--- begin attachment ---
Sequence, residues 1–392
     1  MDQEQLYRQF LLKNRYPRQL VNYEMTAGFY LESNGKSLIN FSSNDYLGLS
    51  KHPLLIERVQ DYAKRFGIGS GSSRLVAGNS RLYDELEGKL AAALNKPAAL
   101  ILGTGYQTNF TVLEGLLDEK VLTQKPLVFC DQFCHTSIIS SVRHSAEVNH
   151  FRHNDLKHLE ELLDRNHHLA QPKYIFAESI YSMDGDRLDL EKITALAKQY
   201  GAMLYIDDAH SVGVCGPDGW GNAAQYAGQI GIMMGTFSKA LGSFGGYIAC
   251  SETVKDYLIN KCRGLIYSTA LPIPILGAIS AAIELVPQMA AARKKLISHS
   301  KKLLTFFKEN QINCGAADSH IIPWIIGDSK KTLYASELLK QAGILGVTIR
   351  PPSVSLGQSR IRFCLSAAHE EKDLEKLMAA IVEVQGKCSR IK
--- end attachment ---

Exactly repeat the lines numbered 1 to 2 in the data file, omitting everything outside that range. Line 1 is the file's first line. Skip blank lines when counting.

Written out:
Sequence, residues 1–392
     1  MDQEQLYRQF LLKNRYPRQL VNYEMTAGFY LESNGKSLIN FSSNDYLGLS